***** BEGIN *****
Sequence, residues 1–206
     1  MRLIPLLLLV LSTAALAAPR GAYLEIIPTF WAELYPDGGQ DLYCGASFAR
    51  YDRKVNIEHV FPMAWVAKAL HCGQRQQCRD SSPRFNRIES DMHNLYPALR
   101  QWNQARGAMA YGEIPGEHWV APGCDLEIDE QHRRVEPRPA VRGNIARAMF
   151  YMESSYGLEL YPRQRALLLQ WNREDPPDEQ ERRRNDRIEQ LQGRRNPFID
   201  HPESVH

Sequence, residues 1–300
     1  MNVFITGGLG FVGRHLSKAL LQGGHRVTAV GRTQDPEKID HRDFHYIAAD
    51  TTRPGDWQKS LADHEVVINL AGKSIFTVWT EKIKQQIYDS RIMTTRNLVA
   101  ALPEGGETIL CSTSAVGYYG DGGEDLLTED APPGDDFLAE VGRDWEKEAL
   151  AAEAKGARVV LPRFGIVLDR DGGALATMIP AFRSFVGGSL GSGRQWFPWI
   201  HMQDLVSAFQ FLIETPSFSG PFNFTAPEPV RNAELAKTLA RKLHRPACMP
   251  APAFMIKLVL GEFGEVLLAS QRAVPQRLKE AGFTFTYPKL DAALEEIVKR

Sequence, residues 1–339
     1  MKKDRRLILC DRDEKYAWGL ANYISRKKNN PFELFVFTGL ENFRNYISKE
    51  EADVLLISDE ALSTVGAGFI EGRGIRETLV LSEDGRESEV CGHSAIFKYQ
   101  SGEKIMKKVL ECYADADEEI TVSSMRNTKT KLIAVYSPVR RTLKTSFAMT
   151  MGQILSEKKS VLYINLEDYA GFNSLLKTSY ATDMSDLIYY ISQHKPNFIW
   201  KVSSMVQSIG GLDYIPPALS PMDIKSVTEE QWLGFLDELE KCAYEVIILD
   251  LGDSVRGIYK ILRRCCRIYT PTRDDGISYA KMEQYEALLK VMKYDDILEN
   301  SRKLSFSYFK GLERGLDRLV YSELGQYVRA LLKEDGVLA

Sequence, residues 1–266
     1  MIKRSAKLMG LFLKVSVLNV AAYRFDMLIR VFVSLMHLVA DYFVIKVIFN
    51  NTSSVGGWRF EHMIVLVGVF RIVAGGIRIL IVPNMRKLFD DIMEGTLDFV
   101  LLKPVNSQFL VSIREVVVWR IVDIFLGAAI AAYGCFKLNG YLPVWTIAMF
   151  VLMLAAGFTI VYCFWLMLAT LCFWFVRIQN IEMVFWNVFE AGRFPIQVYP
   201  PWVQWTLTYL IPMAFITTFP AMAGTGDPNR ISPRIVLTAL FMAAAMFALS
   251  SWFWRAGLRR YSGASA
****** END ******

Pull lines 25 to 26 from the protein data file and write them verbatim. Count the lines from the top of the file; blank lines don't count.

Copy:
   101  LLKPVNSQFL VSIREVVVWR IVDIFLGAAI AAYGCFKLNG YLPVWTIAMF
   151  VLMLAAGFTI VYCFWLMLAT LCFWFVRIQN IEMVFWNVFE AGRFPIQVYP